Temple Grandin, in her own words
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Q&A: 'O'Keeffe' writer Michael Cristofer
The animal scientist whom Claire Danes embodies in HBO's original telefilm "Temple Grandin" reveals how it felt to see her life play out on the screen, what it really feels like to be autistic and her plans for the Emmys.
"When I found out Claire was playing me, I had to look her up on the Internet. You know, I don't follow those things. So I typed her name in, and there was this pretty blonde girl. You would have never known it was her in the movie! I saw the movie four or five times--she literally became me. The way she walked, talked, everything was me.
I only spent a day with her, but gave her five hours of old VHS tapes of me doing cattle-handling to watch. She put the audio on her iPod. There was an interview on NPR with Claire doing my voice, and then me talking. It was really weird; I could barely tell the difference.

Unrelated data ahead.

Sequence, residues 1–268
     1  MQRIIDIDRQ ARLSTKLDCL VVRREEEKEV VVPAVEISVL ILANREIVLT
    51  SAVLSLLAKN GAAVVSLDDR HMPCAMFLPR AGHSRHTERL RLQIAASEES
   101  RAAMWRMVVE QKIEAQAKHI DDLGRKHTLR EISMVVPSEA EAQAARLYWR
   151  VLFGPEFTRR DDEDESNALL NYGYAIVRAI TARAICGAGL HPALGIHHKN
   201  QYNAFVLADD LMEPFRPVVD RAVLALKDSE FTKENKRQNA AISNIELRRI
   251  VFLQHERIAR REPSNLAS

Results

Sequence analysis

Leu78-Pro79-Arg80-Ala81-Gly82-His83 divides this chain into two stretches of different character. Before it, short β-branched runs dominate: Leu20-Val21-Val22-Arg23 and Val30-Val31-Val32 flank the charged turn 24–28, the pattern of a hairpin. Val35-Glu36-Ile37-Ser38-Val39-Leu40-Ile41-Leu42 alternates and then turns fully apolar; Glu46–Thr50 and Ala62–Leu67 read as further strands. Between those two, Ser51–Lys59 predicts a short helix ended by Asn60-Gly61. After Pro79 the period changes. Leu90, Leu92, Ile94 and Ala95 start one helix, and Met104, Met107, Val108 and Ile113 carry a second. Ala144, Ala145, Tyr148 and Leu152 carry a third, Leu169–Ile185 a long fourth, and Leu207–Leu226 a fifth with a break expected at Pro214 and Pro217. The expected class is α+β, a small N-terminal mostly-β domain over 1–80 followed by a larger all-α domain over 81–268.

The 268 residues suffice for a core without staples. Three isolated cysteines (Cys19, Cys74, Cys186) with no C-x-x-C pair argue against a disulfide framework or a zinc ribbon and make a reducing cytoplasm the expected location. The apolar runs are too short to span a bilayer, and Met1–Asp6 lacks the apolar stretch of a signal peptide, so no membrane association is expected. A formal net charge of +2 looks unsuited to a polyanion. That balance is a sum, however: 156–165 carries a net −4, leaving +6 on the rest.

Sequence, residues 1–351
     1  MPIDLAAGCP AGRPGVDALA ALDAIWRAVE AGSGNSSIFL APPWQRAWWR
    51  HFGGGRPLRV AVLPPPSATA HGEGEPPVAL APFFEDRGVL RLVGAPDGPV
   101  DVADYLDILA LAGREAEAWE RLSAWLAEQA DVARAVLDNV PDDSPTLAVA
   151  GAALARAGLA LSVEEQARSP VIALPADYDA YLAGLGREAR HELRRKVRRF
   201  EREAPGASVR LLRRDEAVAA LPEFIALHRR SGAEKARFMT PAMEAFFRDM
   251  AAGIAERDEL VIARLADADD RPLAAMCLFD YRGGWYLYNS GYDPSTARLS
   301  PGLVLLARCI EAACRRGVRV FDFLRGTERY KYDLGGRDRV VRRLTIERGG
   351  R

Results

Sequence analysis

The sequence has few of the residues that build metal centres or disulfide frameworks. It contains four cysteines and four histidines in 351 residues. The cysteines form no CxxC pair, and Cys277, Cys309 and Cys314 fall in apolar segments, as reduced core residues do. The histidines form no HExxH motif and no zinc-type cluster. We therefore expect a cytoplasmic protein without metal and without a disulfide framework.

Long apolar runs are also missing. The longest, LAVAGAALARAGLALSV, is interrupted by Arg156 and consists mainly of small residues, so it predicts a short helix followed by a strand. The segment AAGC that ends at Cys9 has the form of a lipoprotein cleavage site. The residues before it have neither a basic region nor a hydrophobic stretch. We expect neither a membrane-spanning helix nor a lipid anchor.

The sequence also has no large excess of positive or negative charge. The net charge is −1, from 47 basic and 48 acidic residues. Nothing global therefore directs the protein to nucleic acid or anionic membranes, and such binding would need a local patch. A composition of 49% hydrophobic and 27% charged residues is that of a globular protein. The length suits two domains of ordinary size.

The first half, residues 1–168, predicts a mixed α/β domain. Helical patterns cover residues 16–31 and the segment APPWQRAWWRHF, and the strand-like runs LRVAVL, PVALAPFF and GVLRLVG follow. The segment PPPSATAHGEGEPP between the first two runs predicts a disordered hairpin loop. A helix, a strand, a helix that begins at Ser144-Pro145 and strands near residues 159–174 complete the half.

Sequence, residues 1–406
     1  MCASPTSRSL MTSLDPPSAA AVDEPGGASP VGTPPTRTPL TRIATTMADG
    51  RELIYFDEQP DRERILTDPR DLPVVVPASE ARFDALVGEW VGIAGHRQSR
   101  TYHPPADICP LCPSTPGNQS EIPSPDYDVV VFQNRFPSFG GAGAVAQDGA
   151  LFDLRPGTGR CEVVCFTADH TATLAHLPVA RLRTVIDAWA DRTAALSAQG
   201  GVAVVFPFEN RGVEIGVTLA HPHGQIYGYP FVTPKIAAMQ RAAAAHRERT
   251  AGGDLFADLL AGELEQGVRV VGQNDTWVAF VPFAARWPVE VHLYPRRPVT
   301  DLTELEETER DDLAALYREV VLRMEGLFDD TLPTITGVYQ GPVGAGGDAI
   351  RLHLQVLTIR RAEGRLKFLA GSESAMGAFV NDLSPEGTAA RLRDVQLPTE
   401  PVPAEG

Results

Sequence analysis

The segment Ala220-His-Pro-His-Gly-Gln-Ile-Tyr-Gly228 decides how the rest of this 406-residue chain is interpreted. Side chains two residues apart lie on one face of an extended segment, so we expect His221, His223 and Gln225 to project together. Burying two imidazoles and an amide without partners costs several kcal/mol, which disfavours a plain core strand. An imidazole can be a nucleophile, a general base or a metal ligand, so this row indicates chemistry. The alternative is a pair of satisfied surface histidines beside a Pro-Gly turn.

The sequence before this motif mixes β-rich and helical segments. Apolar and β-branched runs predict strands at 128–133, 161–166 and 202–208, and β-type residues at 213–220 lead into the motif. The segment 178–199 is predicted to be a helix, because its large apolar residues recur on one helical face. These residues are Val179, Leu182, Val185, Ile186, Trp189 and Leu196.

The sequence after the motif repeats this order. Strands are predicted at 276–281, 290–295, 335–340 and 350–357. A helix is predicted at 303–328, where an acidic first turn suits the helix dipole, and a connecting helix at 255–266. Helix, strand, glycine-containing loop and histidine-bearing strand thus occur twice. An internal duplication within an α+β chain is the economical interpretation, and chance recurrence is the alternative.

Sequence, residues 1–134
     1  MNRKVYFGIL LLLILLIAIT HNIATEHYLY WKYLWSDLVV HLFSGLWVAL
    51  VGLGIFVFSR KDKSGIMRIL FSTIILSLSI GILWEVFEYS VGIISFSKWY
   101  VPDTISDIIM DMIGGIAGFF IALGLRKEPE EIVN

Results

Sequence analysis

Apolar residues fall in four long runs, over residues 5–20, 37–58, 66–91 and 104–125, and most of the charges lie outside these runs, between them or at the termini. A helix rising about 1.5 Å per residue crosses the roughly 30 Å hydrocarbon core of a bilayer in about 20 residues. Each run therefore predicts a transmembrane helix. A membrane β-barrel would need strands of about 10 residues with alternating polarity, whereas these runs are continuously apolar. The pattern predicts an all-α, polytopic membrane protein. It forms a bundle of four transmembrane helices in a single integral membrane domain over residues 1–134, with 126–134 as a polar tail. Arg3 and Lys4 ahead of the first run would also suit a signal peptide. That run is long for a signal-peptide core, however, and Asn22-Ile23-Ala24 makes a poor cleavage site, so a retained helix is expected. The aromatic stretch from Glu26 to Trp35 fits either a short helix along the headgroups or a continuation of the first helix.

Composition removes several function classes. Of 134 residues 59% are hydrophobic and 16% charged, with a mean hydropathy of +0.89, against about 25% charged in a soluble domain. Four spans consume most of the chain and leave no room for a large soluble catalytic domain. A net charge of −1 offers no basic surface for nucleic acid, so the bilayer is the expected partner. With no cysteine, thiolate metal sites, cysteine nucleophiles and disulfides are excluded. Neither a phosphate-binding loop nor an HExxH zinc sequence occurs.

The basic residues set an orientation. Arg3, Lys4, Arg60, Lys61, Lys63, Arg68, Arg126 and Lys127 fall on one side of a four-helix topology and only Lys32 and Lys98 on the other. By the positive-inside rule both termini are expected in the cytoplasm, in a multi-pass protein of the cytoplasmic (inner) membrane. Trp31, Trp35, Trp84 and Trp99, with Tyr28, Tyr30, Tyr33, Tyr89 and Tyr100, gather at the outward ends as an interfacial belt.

Watching the movie was like going back to the '60s and '70s in a time machine. I really did all those projects they showed, like that gate I built when I was 15, and the squeeze machine. They even used some of my own drawings. I was really eating yogurt and Jell-O all the time. That was before antidepressants, which changed my life. And the part with the bull testicles really happened, too.
My biggest concern was that they be clinically accurate about autism. I read some early scripts and they had me as too much of a savant. I had a fit. I wanted them to capture my sound sensitivity, high level of anxiety. They captured perfectly my visual thinking. I watched it and thought, 'That's how I think!'
I teach livestock handling at Colorado State. I still do some slaughterhouse work, too. Does it make me sad? Well, no. Everything dies. Nature can be harsh. Those cattle wouldn't have existed had they not been bred. There have been a lot of speaking engagements since the movie. I've had a lot of parents and kids write me letters.
But there are still misconceptions about autism. It's very variable. You have geniuses -- (from) people probably in the movie business, to people who can hardly talk. The continuous trait along the autism spectrum is creativity.
I think Claire deserves the Emmy. She went above and beyond what anyone else would have done. I've been invited to the (Emmy) show. I may go, I'm not sure. Right now I have it on the calendar with a big question mark."